Wales star Bale almost left LaLiga for China during a turbulent close season in which Zinedine Zidane attempted to force him out of the Santiago Bernabeu.
The pair's relationship reportedly became fractured as Madrid fans showed increasing coldness towards the four-time Champions League winner, their treatment of him described as a "disgrace" by the player's agent.
Criticism of Bale has tended to centre on his speculated inability to learn Spanish as part of a wider reluctance to integrate into the country's culture.
Coleman, who managed the former Tottenham talisman for over five years at international level, believes such accusations are at least in part unfounded.
"I saw John Toshack saying Gareth hasn't given enough of himself to the public in Madrid," the former Wales boss told The Athletic.
"Well he's never done that. It's not his character. When he comes home he plays golf, stays with his family, in his little circle.
"I just thought it was unfair when people were picking him apart. He should do this, do that. No, be yourself. If he's not happy in his head he won't be right on the pitch.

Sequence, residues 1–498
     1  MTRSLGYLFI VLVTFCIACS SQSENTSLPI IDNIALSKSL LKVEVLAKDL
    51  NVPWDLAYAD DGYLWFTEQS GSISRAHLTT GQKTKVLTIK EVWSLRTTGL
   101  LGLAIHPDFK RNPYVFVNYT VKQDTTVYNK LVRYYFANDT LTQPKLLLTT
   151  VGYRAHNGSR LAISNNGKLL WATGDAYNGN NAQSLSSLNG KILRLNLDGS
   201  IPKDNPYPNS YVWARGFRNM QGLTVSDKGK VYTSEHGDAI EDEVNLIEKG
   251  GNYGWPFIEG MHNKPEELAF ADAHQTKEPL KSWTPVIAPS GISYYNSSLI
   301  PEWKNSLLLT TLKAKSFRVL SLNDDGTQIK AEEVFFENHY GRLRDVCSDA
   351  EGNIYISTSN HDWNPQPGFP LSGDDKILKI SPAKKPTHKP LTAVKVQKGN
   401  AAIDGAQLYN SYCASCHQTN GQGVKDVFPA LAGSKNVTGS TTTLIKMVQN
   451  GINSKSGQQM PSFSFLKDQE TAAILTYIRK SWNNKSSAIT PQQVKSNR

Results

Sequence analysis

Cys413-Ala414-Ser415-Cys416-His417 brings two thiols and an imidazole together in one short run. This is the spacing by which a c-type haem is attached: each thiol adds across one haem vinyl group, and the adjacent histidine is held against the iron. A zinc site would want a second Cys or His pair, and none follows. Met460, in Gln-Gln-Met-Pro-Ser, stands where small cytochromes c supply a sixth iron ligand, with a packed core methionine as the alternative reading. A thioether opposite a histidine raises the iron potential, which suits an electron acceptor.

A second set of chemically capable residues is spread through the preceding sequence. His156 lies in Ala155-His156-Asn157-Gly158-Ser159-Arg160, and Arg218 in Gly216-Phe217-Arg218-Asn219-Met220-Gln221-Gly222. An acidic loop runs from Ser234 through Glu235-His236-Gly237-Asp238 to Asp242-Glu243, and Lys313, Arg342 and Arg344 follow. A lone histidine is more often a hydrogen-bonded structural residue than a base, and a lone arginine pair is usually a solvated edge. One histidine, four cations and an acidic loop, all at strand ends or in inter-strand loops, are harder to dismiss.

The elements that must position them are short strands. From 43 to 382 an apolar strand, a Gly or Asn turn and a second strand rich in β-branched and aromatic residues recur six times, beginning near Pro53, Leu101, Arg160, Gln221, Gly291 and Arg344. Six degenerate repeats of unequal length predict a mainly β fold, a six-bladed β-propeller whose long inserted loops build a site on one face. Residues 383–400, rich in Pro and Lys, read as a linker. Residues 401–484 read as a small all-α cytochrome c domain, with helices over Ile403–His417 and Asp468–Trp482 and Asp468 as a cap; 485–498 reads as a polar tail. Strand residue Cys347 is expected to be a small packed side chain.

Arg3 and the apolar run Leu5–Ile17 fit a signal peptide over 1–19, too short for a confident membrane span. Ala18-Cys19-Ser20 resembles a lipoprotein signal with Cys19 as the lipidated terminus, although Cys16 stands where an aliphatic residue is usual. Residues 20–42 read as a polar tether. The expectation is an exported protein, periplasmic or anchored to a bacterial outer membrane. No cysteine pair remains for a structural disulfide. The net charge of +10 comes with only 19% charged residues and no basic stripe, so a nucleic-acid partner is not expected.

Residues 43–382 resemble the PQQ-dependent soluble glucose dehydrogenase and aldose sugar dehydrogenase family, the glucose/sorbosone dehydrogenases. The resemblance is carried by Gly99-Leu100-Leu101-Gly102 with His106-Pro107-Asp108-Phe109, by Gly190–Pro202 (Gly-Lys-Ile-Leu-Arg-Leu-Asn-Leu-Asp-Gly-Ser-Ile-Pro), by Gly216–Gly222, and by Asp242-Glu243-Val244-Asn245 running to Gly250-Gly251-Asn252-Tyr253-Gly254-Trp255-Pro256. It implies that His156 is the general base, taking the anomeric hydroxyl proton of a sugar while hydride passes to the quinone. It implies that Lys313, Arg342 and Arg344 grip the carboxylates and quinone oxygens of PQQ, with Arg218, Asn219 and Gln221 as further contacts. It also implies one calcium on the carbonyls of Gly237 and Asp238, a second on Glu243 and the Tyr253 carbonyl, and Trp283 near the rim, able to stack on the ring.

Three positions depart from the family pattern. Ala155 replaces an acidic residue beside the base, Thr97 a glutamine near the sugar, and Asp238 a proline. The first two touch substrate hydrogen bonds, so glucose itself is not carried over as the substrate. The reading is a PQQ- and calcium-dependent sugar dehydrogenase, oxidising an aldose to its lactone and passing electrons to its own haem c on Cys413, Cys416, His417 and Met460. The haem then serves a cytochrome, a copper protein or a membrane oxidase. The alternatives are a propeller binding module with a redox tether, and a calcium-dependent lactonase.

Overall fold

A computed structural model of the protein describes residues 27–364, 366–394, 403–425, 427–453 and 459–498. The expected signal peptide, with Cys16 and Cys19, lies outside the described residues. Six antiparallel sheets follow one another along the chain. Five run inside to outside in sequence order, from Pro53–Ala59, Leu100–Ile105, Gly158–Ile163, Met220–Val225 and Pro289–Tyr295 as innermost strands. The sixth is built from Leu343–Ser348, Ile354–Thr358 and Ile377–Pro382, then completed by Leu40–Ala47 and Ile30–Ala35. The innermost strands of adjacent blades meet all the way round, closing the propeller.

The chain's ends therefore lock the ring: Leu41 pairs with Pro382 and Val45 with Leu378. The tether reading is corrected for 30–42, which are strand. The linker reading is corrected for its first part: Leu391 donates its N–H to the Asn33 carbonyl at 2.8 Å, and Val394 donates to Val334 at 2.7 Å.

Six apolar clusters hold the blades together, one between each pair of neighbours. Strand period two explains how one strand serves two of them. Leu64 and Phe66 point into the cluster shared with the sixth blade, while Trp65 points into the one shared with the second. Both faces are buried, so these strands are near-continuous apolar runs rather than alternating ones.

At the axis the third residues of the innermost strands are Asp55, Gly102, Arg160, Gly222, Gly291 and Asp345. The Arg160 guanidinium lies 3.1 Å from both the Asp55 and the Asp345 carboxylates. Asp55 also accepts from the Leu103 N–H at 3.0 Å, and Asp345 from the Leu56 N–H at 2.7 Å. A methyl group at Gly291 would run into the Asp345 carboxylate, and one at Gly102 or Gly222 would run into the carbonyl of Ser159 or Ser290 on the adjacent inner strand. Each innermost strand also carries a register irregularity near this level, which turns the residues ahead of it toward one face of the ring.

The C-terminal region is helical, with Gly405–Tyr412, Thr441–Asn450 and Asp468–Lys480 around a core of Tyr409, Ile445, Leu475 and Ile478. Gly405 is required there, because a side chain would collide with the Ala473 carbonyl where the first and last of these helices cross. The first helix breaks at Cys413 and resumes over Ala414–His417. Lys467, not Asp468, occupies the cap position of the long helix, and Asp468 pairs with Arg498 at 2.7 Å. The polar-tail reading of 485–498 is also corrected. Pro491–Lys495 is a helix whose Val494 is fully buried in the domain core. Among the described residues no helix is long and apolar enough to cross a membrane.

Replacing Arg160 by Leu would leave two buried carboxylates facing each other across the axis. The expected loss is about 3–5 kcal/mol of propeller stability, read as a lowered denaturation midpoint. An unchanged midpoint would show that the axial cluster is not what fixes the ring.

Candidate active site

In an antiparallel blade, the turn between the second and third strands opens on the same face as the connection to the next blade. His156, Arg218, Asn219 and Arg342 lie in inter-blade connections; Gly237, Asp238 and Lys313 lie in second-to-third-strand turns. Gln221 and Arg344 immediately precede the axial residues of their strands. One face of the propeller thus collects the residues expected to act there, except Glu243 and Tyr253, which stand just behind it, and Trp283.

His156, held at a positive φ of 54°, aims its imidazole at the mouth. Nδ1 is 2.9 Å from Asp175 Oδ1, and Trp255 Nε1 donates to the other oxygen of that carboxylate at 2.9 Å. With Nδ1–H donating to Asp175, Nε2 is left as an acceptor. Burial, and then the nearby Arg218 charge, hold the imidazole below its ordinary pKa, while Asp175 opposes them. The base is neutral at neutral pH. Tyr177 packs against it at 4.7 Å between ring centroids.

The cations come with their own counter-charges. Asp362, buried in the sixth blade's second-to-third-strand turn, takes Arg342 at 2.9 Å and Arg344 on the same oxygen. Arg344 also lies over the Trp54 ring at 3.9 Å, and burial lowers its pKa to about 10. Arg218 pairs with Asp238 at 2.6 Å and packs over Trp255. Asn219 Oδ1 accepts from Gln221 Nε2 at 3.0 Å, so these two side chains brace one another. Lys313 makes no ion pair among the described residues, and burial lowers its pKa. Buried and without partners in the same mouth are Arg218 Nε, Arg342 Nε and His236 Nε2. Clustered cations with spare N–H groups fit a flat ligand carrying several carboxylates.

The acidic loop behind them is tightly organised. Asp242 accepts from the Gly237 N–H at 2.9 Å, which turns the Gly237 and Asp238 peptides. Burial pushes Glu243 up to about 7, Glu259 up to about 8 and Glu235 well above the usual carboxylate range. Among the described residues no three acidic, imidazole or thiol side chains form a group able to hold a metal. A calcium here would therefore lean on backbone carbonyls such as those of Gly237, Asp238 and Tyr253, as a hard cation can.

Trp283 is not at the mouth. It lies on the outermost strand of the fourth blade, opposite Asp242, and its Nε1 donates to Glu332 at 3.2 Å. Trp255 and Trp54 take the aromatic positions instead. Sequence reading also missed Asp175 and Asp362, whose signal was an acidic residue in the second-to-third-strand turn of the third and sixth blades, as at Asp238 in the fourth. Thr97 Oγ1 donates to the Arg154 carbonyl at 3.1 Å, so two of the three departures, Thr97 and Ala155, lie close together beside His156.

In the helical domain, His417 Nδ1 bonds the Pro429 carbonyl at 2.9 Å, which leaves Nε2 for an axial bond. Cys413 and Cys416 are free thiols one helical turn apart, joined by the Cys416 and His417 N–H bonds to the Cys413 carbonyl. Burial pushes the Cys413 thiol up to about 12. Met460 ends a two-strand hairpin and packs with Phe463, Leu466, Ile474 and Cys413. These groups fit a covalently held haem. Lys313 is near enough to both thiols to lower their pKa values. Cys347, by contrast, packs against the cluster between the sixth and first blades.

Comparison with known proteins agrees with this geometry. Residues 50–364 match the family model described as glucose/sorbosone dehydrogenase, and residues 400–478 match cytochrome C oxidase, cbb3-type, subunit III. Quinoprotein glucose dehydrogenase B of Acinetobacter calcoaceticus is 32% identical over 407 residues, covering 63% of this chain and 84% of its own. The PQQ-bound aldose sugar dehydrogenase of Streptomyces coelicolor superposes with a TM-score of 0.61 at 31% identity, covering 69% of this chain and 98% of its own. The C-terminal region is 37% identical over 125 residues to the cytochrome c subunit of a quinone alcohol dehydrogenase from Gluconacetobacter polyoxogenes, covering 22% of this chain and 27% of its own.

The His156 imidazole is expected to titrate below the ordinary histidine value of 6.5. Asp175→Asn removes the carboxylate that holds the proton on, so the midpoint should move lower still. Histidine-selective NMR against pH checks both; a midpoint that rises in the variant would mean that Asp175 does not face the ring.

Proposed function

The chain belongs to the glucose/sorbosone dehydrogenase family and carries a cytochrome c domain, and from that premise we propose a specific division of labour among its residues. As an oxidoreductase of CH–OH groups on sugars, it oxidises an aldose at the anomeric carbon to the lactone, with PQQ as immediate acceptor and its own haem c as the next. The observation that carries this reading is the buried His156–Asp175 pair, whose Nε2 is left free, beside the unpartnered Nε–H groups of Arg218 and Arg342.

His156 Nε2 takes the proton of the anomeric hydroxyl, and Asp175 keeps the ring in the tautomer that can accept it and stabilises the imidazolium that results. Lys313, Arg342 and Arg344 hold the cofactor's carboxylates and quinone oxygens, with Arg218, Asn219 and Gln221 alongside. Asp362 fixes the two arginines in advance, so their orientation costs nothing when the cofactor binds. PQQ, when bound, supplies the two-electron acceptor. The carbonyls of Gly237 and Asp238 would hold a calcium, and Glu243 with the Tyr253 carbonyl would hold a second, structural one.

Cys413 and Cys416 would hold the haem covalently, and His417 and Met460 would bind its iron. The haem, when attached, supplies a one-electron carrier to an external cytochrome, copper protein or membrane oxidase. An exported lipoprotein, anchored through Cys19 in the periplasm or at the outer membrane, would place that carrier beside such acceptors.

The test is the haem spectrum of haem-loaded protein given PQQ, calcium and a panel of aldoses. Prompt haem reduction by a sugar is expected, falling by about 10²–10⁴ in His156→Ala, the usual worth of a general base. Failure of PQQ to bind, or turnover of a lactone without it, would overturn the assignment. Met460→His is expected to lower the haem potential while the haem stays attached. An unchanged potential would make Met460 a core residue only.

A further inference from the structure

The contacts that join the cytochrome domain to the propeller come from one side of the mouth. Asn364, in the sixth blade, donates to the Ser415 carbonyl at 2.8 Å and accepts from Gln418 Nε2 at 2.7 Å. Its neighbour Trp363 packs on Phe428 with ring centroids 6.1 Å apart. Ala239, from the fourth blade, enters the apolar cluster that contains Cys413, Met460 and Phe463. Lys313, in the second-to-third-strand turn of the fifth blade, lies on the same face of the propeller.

"I've been with Gareth in Madrid, in a restaurant, and he's speaking perfect Spanish, ordering food, greeting people.
"He was very polite, but it's his own space. He has done all his talking on the pitch. He is the most decorated foreign import from the UK."
Chris Coleman: “I’ve been with Gareth in Madrid, in a restaurant, and he’s speaking perfect Spanish. He was very polite, but it’s his own space.— The Athletic UK (@TheAthleticUK) September 18, 2019
"He has done all his talking on the pitch. He is the most decorated foreign import from the UK.” pic.twitter.com/xM5SPKYT8E
Bale was Coleman's key man when Wales exceeded expectations by reaching the semi-finals at Euro 2016.
Coleman stepped down the following November to take up an ill-fated opportunity at Sunderland, with Ryan Giggs named as his replacement.
Performances have not been entirely convincing but the former Fulham manager expects his successor to prove a shrewd appointment.
"I think he'll be good at it," Coleman said. "He is different to me and will do it his own way. Ryan's quiet, but he's super strong mentally."
He added: "Ryan's ego is not big enough where he thinks he's got all the answers, because none of us have. This is his first job, we mustn't forget that. He's going to get better and better."